Sunday, September 16, 2007

Week Twenty-Four: Learning to Drive

My daughter took driver's ed this summer, bringing back a flood of memories for me. A perfect topic for a journal entry! I thought.

*How old were you when you learned to drive? What year was this?

*How did you learn? Was in it driver's ed (school or private) or with family or friends? Who taught you? If you took a class, what do you remember about the teacher, your classmates, and the course? Do you remember how much it cost? Did you use simulators?

*What kind of car or cars did you use in your training, either in class or with your family or friends? Do you remember the year, make and model? Stick shift or automatic?

*Where did you practice? Was there a certain road or a certain place that everyone in your community would go to learn to drive?

*What were the requirements at that time to earn a license? How old did you have to be to get a permit and to get a license? How much did it cost?

*Tell about your experience getting your license: the written exam and the driving test. Did you past the first time? Do you remember how well you did? Were there skills you struggled with or had to re-do? How old were you when you got your license?

*What was your worst driver's license photo? What was your best?

*Did you have your own car, or did you drive a family member's? What was the year, make and model? Did you love it, or were you embarrassed by it? What was your dream car (or truck)?

*Write about the different vehicles you've owned over the years: the years, makes and models; the color; what you liked or didn't like about them; how you came to purchase them and how much they cost at that time; why you got rid of them. What were your favorites and the ones you liked least, and why?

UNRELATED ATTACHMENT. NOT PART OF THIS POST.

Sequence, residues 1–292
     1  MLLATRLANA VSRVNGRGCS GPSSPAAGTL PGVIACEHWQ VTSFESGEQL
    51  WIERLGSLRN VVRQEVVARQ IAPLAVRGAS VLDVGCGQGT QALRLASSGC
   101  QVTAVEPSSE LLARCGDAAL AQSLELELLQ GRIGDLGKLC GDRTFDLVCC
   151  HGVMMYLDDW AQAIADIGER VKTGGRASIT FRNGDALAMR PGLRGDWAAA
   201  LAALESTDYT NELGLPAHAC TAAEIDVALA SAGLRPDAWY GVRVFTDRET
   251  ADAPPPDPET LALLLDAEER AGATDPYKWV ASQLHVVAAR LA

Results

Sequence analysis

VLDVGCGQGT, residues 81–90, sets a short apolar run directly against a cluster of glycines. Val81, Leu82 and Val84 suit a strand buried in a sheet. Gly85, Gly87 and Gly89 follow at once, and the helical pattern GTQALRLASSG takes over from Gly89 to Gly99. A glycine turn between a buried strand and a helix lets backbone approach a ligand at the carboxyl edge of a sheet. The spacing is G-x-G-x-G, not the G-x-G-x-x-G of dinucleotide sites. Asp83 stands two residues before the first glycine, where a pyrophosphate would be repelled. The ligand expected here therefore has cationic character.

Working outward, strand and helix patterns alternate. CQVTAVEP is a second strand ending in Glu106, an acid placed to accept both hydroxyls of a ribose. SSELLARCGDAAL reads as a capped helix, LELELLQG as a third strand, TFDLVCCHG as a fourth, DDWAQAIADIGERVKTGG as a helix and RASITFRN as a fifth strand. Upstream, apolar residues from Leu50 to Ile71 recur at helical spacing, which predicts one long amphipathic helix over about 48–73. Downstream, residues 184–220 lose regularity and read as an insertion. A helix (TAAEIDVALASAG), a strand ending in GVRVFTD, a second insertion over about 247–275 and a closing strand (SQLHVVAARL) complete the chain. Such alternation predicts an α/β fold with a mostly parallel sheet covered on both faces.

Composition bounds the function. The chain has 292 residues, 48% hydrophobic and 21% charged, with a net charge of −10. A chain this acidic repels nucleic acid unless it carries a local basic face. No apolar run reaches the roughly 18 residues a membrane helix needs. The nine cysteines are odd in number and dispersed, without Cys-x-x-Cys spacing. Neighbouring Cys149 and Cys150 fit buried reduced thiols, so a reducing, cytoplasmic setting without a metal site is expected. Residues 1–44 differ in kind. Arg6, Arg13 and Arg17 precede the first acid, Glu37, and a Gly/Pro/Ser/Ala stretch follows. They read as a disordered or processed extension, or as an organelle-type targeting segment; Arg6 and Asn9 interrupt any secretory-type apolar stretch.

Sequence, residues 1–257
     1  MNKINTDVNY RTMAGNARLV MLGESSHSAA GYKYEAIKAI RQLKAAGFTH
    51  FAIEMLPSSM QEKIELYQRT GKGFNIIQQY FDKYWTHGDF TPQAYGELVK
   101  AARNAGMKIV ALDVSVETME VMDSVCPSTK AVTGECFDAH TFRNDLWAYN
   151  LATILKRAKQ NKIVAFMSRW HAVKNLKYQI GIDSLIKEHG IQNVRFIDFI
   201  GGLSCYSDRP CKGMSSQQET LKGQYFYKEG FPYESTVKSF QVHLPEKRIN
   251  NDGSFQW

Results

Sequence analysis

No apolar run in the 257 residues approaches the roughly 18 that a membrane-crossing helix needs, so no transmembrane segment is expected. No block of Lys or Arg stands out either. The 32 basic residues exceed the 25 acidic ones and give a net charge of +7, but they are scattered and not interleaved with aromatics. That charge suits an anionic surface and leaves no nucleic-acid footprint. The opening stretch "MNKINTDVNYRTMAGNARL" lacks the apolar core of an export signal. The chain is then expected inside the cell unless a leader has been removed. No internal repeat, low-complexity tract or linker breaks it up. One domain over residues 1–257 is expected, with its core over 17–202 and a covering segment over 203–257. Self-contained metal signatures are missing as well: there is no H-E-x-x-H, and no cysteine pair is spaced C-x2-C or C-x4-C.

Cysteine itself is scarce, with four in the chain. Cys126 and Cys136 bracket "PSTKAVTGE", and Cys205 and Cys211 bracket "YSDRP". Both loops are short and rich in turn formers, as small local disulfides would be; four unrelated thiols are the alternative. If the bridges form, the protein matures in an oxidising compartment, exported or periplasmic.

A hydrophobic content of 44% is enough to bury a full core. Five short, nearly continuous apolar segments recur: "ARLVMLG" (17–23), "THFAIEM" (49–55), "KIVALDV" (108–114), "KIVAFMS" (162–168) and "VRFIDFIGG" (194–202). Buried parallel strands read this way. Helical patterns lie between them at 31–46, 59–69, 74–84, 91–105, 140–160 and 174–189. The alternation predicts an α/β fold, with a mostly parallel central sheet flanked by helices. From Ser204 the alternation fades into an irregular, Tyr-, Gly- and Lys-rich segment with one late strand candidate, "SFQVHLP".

*How many years have you been driving? Have you ever gotten a parking ticket or a moving violation? Have you been in any collisions or other accidents? What is your driving record like? Write about those experiences.

Include photos of you and your vehicles, and/or find photos of the models you owned on the Internet to download and include in your journal.

Monday, September 10, 2007

Week Twenty-Three: Remembering 9/11

As I write this, it is already September 11th on the East Coast of the United States; the sixth anniversary of 9/11. This was an event that affected every American, whether we knew someone who was killed that day, or not. Our world shattered, and we felt vulnerable. We have all experienced tragedy on a national level at more than one point in our lives: JFK's assassination, for example, or the Space Shuttle Columbia disaster. Most of us have never recorded the events as we remembered them on those days, nor the feelings that accompanied them. There aren't many of the generation left that remembers Pearl Harbor, and even less who can recall the day World War I ended. The memories of those Big Events in our nation's history are being lost to time.

For your journal prompt to help you remember September 11, 2001, I invite you to go here to read and listen to the lyrics of Alan Jackson's "Where Were You When the World Stopped Turning?"

*How did you hear about the attacks of 9/11?

*What did you do that day? Did you go to work or school, or stay home?

*What were your feelings?

*How has what happened that day changed your life in some way?

*What are your hopes for the future, in connection with this tragedy?

I have posted my journal response here.